This marks my 40th year working in the renewable energy space that is solar energy.
In 1976, I was one of those long-haired agitators carrying signs and going places we were told not to go. I went anyway. Somehow or another I avoided arrest--probably because in the mid-70s everybody was a little weary of drawing battle lines and fighting over who was right and who was wrong. We marched in the middle of the street, climbed over fences, made speeches, sang protest songs, and demanded a clean energy future. And unfortunately, too few people cared.
Then one morning, May 3, 1978 -- the first official "Sun Day" -- people all over the globe woke up and greeted the sun and joined President Carter in declaring it the dawning of the solar age. And it was.
Nobody quite knew what the solar age would look like. Although it was just a dream at the time, the gift of potential energy from the Sun was very real and in time more and more people came to realize that it was much too important to ignore.
As with many paradigm shifts, to give life to this dream, people had to take great risks and buck authority. And they did.
The 1970s dawning solar age envisioned a future with our homes, water and food being heated by the warm power of the sun. The power to light, cool and run our appliances would still be a function of a centralized power plant, but that power was to come from the sun, falling water, and the restless power of the wind.
In the 1990s, the vision of a solar age morphed into one where the rooftops of America could supply all the power we needed to turn darkness into light for our homes and businesses. And it almost happened.
At the beginning of this decade, the 1990s vision of a solar future was within reach. But as has been the history of solar energy throughout the last century, nothing comes easily. The rules were changed to tilt the playing field away from an alternative future.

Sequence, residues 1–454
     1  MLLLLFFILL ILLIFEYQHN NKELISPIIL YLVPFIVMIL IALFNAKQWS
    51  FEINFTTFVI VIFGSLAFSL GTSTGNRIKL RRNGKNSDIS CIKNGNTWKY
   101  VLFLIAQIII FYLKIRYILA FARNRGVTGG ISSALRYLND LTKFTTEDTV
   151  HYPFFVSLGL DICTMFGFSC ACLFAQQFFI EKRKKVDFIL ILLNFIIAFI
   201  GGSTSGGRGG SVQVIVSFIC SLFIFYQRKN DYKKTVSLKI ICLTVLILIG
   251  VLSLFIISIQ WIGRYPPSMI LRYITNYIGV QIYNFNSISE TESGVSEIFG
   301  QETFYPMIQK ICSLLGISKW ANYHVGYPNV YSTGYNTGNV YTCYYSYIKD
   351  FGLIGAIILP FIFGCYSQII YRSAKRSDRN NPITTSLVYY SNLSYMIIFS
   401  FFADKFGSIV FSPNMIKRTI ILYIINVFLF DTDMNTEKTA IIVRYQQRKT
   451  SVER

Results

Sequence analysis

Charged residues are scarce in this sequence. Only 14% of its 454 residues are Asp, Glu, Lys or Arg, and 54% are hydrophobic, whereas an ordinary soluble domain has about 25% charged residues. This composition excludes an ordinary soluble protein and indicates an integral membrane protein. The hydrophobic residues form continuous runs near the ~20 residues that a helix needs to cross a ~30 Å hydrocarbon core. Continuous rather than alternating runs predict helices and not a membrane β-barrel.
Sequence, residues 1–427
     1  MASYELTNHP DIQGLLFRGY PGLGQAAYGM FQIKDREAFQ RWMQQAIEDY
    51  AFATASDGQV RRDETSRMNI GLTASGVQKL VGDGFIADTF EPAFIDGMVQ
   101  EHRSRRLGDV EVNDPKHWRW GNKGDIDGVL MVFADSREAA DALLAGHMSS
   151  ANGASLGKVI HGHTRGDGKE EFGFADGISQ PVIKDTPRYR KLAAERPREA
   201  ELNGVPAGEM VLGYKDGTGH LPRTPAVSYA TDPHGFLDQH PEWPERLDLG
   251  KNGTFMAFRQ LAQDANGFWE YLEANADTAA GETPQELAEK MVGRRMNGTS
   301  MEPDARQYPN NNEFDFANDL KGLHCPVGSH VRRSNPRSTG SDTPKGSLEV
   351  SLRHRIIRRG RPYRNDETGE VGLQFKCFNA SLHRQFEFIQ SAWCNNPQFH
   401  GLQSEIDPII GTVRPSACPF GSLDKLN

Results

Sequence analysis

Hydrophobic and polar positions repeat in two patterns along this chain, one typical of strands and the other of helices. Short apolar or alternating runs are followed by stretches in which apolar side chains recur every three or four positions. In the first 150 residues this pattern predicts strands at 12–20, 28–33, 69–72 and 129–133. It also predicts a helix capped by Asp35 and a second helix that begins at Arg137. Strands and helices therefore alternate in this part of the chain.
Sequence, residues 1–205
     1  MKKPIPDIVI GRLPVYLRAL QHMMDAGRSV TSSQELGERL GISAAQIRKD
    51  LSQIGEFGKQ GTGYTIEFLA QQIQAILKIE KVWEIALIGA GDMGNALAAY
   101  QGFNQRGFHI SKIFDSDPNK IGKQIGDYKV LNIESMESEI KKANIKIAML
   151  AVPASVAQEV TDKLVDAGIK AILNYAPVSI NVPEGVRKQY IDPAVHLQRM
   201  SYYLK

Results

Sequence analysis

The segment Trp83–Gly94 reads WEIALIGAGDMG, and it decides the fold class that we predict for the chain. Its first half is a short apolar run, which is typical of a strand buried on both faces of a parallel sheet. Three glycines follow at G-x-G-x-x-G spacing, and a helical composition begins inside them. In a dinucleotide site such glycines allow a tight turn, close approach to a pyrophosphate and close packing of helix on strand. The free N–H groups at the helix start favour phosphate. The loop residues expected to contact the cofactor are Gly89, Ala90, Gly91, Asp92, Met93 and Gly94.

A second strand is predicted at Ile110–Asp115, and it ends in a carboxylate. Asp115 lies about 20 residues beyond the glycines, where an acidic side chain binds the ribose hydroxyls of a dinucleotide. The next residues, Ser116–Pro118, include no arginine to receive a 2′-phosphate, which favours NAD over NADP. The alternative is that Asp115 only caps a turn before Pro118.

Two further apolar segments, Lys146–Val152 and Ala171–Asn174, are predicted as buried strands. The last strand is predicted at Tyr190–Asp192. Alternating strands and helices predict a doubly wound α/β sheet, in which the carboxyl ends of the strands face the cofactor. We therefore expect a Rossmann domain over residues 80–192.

Today there are new risk-takers--young entrepreneurs who once again are reinventing the solar future. And they're winning.
Rapid cost reductions are making battery storage attractive for energy-generating households. The cost of lithium ion storage technology is falling at a rapid rate and is poised to become a cost-effective partner with photovoltaics in solving the intermittency and peak power arguments that throttled solar's rapid growth beginning in 2013.
So the 2016 vision of the solar age is not science fiction. This coming year is shaping up to be a breakthrough year for solar energy and energy storage. Last week the U.S. Department of Energy awarded $18 million to six innovative clean energy projects. These projects will enable the development and demonstration of integrated, scalable, and cost-effective solar technologies that incorporate energy storage to power American homes after the sun sets or when clouds are overhead. And that's a game changer.
Arizona Solar Center
Question: What will the solar age look like in another 40 years, that is, around 2056?